Just two years ago, more than half of local CEOs (55%, global 44%) said their organisation was helping combat environmental issues such as climate change to build trust with customers.
Reputation is playing a part in elevating concerns from local and global CEOs about climate change. 10 years ago, 17% of local CEOs strongly agreed that their response to climate change initiatives provided a reputational advantage among key stakeholders, including employees. This year one in four CEOs strongly agree.
And CEOs are starting to prepare their organisations too. More than half of local CEOs (54%, global 64%) say they have assessed the potential transition risks (e.g. carbon regulation and technology shifts) to a greener economy and a similar proportion (58%, Global 56%) say they have assessed the potential physical risks (e.g. infrastructure damage) of future climate events.
However, CEOs around the world have contrasting views on whether or not climate change initiatives present opportunities for new products or services.
Many CEOs from the world’s largest economies strongly agree that climate change initiatives will lead to significant new product and service opportunities for their organisations. There is a growing consensus on this among CEOs in China, India, US, Brazil, Italy, Japan and Germany.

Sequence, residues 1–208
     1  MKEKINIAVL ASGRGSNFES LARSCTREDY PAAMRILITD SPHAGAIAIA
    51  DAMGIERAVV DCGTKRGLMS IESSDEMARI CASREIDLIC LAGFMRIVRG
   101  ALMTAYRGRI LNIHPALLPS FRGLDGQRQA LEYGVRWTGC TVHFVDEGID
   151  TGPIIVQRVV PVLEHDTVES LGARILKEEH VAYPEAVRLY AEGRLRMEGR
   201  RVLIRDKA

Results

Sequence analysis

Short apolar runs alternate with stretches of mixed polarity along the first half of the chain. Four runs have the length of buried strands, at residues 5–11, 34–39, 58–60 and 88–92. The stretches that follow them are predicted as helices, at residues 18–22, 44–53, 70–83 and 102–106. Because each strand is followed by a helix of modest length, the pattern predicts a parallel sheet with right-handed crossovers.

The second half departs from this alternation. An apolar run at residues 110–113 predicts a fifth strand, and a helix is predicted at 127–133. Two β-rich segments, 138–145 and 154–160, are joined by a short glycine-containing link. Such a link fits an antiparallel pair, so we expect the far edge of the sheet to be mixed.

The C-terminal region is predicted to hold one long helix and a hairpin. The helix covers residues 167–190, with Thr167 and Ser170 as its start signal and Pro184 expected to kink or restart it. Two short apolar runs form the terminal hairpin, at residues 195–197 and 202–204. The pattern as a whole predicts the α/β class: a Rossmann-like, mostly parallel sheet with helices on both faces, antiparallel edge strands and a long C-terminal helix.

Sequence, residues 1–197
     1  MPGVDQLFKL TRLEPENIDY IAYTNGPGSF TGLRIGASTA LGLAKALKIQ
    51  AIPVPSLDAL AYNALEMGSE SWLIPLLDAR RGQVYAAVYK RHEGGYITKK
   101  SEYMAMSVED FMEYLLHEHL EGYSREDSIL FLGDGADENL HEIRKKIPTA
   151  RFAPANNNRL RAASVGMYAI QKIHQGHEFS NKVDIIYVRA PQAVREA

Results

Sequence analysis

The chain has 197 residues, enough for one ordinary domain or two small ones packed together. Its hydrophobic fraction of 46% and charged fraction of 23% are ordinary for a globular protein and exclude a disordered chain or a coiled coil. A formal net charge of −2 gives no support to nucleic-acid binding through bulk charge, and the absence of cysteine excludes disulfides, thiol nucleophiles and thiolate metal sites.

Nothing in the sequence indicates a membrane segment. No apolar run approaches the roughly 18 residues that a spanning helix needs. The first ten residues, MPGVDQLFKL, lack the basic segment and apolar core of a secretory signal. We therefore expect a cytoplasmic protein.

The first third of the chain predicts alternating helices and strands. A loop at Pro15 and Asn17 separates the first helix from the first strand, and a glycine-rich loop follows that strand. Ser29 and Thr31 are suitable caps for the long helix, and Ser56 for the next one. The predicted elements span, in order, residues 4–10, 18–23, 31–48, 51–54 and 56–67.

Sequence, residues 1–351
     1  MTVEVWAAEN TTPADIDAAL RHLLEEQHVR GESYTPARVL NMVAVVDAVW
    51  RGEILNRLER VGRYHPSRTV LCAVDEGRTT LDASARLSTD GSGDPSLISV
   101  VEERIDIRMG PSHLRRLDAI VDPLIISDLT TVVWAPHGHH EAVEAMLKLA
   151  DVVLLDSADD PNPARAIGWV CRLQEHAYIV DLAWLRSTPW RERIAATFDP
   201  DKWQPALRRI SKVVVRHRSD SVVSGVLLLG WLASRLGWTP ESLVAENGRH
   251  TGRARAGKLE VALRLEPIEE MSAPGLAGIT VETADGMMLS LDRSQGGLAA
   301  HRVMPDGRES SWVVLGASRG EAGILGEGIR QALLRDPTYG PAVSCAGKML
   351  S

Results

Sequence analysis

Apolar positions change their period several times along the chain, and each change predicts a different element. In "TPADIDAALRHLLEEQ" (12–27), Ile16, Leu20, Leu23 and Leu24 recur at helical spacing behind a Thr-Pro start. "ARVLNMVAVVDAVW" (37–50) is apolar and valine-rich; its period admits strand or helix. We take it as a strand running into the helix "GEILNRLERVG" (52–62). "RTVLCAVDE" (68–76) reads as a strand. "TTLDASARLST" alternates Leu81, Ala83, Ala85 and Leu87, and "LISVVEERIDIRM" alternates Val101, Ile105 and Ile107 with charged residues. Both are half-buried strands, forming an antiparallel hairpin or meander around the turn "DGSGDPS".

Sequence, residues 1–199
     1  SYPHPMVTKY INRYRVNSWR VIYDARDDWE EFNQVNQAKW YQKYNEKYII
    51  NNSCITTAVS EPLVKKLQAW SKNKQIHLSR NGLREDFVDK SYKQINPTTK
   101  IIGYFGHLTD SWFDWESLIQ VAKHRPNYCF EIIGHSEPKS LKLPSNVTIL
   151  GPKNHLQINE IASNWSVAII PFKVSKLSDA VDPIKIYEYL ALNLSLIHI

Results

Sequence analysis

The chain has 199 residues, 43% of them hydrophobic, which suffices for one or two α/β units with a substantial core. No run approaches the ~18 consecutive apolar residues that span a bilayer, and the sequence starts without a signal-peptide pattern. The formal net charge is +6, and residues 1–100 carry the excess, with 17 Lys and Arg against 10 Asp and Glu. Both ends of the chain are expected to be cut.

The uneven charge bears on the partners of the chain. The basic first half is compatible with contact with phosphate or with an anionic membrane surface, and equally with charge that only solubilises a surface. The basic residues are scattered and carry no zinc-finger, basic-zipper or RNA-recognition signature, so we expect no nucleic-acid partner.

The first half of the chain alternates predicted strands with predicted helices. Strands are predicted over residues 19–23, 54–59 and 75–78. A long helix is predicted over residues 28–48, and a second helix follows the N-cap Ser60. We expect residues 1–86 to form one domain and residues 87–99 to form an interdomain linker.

However, Australia, alongside the UK and Canada, is going backward. In 2010, 20% of local CEOs strongly agreed there were new product and service opportunities but this has since reduced to 17%.
The Future of Energy report points to the economic benefits for Australia of moving to a highly renewable energy system over the next 20 years, presenting additional market space for Australian businesses to play with new products and services.
There is an opportunity for business, government and community to come together to develop clear environmental reporting and measurement guidelines that enable like-for-like comparisons. (Currently there is no consistent framework, locally or globally.)
There have been some tentative steps towards collaboration between governments and businesses. Five years ago, 7% of local CEOs agreed collaboration among governments and businesses was effectively mitigating climate change risks, now 12% agree. But these are small steps compared to our global counterparts where 36% agree. Clearly, there is more work to be done.
Of the 80% of local CEOs concerned about over-regulation as a top threat to growth, 38% cite environment and climate as an area of regulation they are most concerned about. Only industry-specific concerns (67%), data privacy and cybersecurity (55%) and labour (47%) rank higher.
CEO concern about regulation could be linked to uncertainty due to unclear reporting, measuring and framework guidelines.
build trust with stakeholders by increasing transparency around current and future approaches to climate change and by collaborating openly with other organisations, industry and government to mitigate climate change risks
develop an energy and emissions strategy that explores opportunities to both reduce costs and improve environmental outcomes
assess and build strategies around transition risks (e.g. carbon regulation and technology shifts) to a greener economy
develop an action plan built around the potential physical risks (e.g. infrastructure damage) of future climate events
roadmap the business opportunities linked to climate change initiatives.